AG Names Prosecutor for Detainee Interrogation Probe
Updated: Attorney General Eric Holder has named a federal prosecutor to consider whether to launch a full-scale criminal investigation of some current and former CIA employees for abuses in interrogations of terrorism suspects.
The Washington Post broke the news earlier today that Holder was set to name federal prosecutor John Durham to lead the inquiry. Holder later released a statement appointing Durham, according to The BLT: The Blog of Legal Times.
He is the Connecticut career prosecutor already investigating the destruction of videotapes showing terrorism suspects undergoing harsh interrogations. The tape destruction case is before a grand jury in Alexandria, Va., but some observers don’t expect charges, according to the Post story.
Sources told the Post that Holder realizes his decision could produce fallout, especially since President Obama has talked about the need to move forward rather than backward in the controversy over harsh interrogations. The inquiry will be limited to no more than a dozen cases, mostly from Iraq and Afghanistan, and will examine whether there is enough evidence for a broader investigation into law-breaking by CIA interrogators.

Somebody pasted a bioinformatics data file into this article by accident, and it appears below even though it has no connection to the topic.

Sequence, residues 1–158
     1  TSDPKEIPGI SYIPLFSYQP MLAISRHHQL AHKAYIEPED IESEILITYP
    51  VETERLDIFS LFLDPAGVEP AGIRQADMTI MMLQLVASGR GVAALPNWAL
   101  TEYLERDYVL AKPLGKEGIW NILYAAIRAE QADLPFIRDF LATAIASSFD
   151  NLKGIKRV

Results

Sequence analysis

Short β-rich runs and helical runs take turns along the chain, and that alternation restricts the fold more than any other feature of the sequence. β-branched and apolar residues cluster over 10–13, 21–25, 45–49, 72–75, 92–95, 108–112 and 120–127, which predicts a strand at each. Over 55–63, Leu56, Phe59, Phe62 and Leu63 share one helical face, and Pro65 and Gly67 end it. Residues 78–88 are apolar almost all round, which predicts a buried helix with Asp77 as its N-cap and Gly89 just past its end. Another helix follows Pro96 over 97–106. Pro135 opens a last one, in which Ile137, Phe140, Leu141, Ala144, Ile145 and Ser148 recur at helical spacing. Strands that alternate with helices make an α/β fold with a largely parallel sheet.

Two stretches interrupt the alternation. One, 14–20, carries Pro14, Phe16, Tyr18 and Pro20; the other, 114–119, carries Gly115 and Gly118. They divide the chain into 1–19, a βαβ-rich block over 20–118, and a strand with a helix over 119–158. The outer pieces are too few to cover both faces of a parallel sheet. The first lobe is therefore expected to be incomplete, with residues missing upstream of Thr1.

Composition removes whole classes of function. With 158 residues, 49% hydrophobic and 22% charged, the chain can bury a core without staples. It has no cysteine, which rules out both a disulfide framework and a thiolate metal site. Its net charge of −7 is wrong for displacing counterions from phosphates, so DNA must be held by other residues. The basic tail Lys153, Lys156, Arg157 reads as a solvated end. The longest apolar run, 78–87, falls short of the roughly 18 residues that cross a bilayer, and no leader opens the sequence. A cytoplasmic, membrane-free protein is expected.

Holder said he will not prosecute anyone who “acted in good faith and within the scope of the legal guidance” given by the Justice Department’s Office of Legal Counsel.
Past reports have described Durham as a nonpartisan career prosecutor who has pursued government officials and Mafia chiefs.
The New York Times reported earlier today that Holder is being swayed by a report by the Justice Department’s Office of Professional Responsibility. It recommends reopening nearly a dozen interrogation cases. Meanwhile, a separate 2004 report by the CIA inspector general is expected to be released today. It reportedly says CIA interrogators threatened an al-Qaida commander with a drill and a gun, and staged mock executions, according to Newsweek.
Updated at 7:05 p.m. CT to confirm that Holder had appointed a special prosecutor, as predicted by the Washington Post.